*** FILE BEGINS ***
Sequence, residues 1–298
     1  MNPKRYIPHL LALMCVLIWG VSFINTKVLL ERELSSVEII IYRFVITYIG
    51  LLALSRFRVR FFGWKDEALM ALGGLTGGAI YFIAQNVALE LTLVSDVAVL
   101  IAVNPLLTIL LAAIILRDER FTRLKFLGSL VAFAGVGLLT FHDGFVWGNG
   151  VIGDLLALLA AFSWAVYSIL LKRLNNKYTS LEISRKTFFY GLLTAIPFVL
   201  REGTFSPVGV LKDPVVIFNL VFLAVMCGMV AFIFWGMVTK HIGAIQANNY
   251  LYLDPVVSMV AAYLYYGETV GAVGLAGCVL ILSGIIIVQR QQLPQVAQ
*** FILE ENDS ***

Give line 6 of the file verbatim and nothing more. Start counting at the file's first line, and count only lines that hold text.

   201  REGTFSPVGV LKDPVVIFNL VFLAVMCGMV AFIFWGMVTK HIGAIQANNY